The Role Of Swiss Banks In The 1MDB Scandal by Matthew Allen, SwissInfo.ch
The ongoing global investigation into the 1MDB corruption case raises the question whether Swiss banks have cleaned up their acts.
The enquiry estimates that some $4 billion (CHF4 billion) has been syphoned out of the Malaysian sovereign wealth fund into the pockets of corrupt officials.
Michael Mauboussin Tips From Great Investors [Pt.2]
This is the second part of a short series on Michael J. Mauboussin's research document reflecting on 30 years of Wall Street analysis published in 2016. Q3 2020 hedge fund letters, conferences and more The document outlined Mauboussin's observations of successful investors throughout his three decades on the Street. This article starts at point six. Read More
The suspects, which include Malaysian Prime Minister Najib Razak and other family members, are thought to have used the money to buy art works, property and even finance the movie The Wolf of Wall Street – which depicts financial corruption on Wall Street.
Details are starting to emerge about a string of offshore shell companies linked to bank accounts throughout the world. Several banks from different countries have been named in various documents from prosecutors.
Which Swiss banks have been implicated?
The first Swiss bank to be named in connection to 1MDB was the Lugano-based private bank BSI, which also has offices in Singapore. In May, the Swiss and Singaporean financial regulators withdrew the bank’s license in the two countries, accusing it of flagrant violations of anti-money laundering obligations.
The Swiss Attorney general has opened criminal proceedings against BSI while a former employee of the bank has been arrested in Singapore. BSI has appealed the punishment imposed by the Swiss Financial Market Supervisory Authority (Finma), which included an order to surrender CHF95 million of illicitly gained profits, to the federal administrative court.
Two more Swiss banks have recently been named – UBS and Falcon private bank. UBS was accused last week by the campaigning blog Sarawak Report of helping to funnel more than $2 billion of illicit funds from 1MDB. This accusation remains unverified.
But the Monetary Authority of Singapore (MAS) has slapped both UBS and Falcon on the wrists for “control failings”, “deficiencies”, “weaknesses” and “substantial breaches” in their dealings with 1MDB. The investigation into Falcon is ongoing. Both banks said they are cooperating with the authorities, while UBS said it had filed a suspicious transaction report.
But more Swiss banks are likely to be named. In May, Finma said six banks are being investigated in connection with either 1MDB or the Brazilian Petrobras scandal. On Wednesday, the United States Department of Justice said an unnamed Swiss bank had helped criminals syphon $1.37 billion from 1MDB.
How serious is their involvement?
BSI is in serious trouble. Finma said it was one of the worst cases of its kind it has investigated. The identified shortcomings included: failure to deal correctly with politically exposed persons, failure to identify the origins of hundreds of millions of dollars in assets and failure to establish the necessary documentation for transactions – all while charging excessive fees that could not be explained.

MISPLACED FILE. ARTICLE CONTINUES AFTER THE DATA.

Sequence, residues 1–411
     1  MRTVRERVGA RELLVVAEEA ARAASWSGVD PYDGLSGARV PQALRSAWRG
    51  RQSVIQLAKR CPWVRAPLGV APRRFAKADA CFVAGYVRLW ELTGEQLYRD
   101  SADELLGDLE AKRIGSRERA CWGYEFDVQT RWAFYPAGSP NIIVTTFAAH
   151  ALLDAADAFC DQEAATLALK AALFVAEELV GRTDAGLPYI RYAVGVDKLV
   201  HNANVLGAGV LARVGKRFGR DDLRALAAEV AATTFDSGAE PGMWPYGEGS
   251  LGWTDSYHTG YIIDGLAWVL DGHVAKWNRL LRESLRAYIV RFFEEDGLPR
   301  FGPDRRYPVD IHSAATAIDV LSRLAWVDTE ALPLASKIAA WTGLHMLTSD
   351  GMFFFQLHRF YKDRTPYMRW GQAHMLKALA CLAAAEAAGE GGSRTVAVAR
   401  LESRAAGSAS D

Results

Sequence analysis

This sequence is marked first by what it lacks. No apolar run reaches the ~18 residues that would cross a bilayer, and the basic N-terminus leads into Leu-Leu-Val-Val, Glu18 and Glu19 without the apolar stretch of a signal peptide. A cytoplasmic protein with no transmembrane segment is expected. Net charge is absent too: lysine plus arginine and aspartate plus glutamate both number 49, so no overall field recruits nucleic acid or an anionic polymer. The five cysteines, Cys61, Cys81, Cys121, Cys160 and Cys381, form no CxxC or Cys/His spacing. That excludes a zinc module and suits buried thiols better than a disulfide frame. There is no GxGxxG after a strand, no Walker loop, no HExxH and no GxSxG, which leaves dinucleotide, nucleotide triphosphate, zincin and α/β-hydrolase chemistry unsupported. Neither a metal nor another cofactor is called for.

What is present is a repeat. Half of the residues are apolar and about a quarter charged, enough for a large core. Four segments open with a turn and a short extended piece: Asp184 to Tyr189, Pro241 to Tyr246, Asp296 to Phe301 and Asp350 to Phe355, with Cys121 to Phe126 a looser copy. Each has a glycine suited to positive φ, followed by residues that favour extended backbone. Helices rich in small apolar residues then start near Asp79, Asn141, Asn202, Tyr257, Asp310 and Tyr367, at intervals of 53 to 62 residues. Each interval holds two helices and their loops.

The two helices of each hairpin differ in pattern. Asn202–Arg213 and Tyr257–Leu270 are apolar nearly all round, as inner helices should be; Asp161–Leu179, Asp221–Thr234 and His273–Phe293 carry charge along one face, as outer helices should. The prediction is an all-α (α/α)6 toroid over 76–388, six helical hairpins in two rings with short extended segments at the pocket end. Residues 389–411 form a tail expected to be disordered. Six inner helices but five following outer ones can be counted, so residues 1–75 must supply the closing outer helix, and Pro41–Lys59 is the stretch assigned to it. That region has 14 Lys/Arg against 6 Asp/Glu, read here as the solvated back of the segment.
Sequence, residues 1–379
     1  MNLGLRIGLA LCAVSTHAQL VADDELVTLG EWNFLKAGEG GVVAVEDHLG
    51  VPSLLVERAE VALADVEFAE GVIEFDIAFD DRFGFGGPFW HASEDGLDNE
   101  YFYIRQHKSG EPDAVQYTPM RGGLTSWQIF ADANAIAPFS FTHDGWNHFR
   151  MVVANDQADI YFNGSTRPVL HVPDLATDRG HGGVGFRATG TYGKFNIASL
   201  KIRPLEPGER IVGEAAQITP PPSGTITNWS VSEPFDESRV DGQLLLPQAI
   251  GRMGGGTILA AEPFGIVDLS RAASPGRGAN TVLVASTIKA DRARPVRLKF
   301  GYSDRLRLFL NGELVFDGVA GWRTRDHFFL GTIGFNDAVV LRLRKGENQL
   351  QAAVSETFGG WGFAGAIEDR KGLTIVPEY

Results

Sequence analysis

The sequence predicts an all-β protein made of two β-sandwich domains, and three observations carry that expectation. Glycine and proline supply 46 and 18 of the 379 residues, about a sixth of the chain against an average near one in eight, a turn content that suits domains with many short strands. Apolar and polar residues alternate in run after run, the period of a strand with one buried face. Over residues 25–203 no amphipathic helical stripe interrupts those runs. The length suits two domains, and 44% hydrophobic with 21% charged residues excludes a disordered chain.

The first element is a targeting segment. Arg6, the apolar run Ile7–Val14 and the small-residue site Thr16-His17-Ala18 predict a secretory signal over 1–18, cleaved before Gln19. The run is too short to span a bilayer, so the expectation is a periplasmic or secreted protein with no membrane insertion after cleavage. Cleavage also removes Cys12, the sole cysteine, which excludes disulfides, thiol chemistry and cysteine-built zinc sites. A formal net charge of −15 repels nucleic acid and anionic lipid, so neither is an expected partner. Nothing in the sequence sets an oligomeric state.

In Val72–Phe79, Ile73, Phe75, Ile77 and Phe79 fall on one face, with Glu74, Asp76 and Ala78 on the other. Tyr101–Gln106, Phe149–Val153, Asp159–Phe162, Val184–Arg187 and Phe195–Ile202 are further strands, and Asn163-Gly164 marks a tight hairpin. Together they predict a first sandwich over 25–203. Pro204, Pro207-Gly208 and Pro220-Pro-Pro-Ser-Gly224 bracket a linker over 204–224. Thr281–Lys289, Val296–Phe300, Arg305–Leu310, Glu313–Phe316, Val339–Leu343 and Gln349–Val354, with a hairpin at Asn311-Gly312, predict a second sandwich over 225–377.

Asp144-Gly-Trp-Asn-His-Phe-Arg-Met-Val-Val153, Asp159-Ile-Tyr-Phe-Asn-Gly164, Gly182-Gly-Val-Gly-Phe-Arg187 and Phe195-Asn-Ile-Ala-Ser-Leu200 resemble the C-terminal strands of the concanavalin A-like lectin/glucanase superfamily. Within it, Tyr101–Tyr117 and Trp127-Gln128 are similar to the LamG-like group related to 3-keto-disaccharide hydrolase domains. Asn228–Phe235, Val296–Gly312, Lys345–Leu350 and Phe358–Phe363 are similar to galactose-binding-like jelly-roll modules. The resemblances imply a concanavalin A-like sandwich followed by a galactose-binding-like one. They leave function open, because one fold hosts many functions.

The bank’s clean business can continue as it is being taken over by EFG, but the BSI brand and reputation is effectively dead. Criminal charges against employees, including executives, could well be laid.
swissinfo.ch understands that UBS will plead it is has been the victim of an elaborate fraud. The extent of falcon’s dealings with 1MDB is yet to be established. At best, they could be found to have failed to notice a fraud being perpetrated inside their own doors.
How can professional financial institutions fail to notice such a large fraud?
That’s the $4 billion question. As the Sarawak report states in its article on UBS: “Given the sums involved, it would seem to constitute a shocking failure of compliance and due diligence by one of the world’s major banks”.
Anti-money laundering regulations and legislation has been tightening in the last few years, resulting in banks around the world beefing up their compliance teams. The last set of new rules in Switzerland was passed by parliament 18 months ago. And yet it appears not to have worked in this case.
Earlier this year, swissinfo.ch reported that some Swiss banks are having trouble implementing the new rules.
“Information is tricky. Not all of it is accurate. There’s lots of false information. Who is going to screen that information?” commented David Ford, a former compliance director at Safra Republic and ex-head of anti-money laundering at HSBC Private Banking.
“Certain values should be promoted such as the obligation to challenge each other. An accountant can pick up a financial transfer that is suspicious. He should be able to challenge the boss and say that there’s a problem. If the culture within a firm is such that the boss says ‘shut-up,’ there’s a risk,” said Xavier Isaac, head of trust and fiduciary at Salamanca Group in Geneva.
In April, Finma director Mark Branson warned that the “risk posed by money laundering is on the increase in Switzerland”. He chided banks for waiting for scandals to appear in the media before reporting suspicions to the authorities.
“It is no good saying that Switzerland has the best anti-money laundering rules if the regulator finds so many banks failing to implement them,” Olivier Longchamp, off the Swiss anti-corruption NGO Public Eye told swissinfo.ch.
Are banks doing enough to detect fraud? have your say.